Public Plaza Floor Area Bonus

Within applicable areas of the Midtown Manhattan a Public Plaza can be provided on a property development with an incentive for additional floor area for the building. In the Midtown district the Public Plaza bonus will not apply in all areas. Where it does apply the basic FAR bonus will typically be a multiplier of 6. This means if you provide a Plaza of 5,000 square feet you can get up to 30,000 square feet of bonus Floor Area. The FAR bonus will be maxed out at an FAR of 1.

We have another post you can see that goes more in depth on Public Plaza Floor Area Bonuses in NYC.

Transfer of Development Rights

The best way to get more floor area for a building is from buying air rights from other buildings. Midtown Manhattan is no exception and actually has special regulations for Air Rights Transfers. There are special regulations that apply to Landmark Buildings. There is a general intent to make these transfers easier with regards to landmark sites and theaters.

We have another post on Air Rights if you are interested.

Subway Station Improvements 

Depending on the property location a significant floor area zoning bonus may be obtained, by special permit, for Subway Station Improvements.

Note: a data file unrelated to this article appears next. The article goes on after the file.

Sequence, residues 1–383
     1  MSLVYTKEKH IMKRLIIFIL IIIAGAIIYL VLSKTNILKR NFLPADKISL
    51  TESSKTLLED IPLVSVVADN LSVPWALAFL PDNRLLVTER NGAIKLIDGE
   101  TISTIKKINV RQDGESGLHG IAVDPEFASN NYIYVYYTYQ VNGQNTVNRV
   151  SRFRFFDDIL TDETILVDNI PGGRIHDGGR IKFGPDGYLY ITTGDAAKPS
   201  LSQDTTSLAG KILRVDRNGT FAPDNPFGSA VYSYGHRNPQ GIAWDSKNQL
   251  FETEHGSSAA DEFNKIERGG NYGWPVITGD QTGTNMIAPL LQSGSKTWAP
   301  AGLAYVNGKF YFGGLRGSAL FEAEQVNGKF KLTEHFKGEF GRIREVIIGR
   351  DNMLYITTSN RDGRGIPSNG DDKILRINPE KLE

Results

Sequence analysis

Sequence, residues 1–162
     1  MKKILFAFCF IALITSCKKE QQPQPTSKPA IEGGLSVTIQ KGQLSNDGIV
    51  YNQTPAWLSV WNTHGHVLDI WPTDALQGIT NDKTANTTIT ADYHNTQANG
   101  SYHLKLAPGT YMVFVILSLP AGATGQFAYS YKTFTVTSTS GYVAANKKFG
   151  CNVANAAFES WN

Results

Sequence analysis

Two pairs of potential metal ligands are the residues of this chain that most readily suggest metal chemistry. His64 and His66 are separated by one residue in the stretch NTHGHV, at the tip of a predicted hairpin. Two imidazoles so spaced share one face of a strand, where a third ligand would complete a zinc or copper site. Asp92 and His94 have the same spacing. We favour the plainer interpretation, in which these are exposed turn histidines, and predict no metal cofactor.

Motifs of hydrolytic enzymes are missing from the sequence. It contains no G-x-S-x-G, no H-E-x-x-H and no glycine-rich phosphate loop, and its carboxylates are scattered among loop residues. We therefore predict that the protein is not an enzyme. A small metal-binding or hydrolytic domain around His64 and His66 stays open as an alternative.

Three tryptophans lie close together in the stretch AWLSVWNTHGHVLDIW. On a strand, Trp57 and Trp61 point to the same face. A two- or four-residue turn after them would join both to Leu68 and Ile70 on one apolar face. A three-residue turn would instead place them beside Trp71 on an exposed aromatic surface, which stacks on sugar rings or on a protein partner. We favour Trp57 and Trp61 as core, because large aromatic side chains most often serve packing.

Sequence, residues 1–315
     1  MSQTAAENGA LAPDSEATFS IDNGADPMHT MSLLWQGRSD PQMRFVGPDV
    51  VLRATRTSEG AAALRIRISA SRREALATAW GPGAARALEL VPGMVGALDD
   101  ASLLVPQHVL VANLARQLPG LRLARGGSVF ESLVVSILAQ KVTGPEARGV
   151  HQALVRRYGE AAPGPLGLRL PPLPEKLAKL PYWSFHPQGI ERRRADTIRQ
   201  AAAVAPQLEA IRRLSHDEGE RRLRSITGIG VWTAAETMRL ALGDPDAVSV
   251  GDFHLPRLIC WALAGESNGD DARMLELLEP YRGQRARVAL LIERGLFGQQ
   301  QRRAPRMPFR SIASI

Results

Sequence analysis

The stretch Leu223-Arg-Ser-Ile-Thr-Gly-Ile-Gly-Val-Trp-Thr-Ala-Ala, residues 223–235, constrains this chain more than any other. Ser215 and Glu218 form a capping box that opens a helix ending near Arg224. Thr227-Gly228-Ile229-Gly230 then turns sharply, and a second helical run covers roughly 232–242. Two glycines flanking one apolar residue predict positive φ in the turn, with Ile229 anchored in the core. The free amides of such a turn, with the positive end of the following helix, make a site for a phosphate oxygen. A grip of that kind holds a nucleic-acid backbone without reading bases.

Height and Setback Regulations for Midtown Manhattan Zoning

In the Midtown Manhattan Special District the height and setback regulations of the underlying zoning districts are typically superseded by special rules. There are different methods of calculating height and setback within the special district.

Daylight Compensation

Daylight compensation is a rule for building according to a sky exposure curve. This is an imaginary curve that dictates the maximum extents of the building. Parts of the building may penetrate the curve but must provide compensation through additional setbacks or building recesses.

Daylight Evaluation

The daylight evaluation method is based on buildings blocking the sky from certain vantage points. A Daylight Evaluation Chart is used to determine the building volume. A score system is used to determine daylight blockage. A passing score is required for the building to be approved.  Yes this is a little complicated.


Pedestrian Circulation Space

Certain property developments in Midtown Manhattan may require a Pedestrian Circulation Space. This is for lots 5,000 square feet or more and 70,000 square feet of development.

A Pedestrian Circulation Space can be any of the following:

  • An Arcade or Corner Arcade
  • Building Entrance Recess Area
  • Corner Circulation Space
  • Relocation or Renovation of a subway stair
  • Sidewalk Widening
  • Subway Station Improvement
  • Through Block Connection
  • Public Plaza

We have another post you can see to learn more about Building Arcade Zoning.


Penn Center Subdistrict Zoning

There are special zoning regulation in the Penn Center Subdistrict specifically in regards to commercial and retail uses and transportation. The following are some of the issues that have special regulations:

  • Signs for retail spaces
  • Subway Entrance Signs
  •  Retail Frontage Glass
  • Street Wall Height
  • Floor Area Bonus for Rail Mass Transit Facility Improvements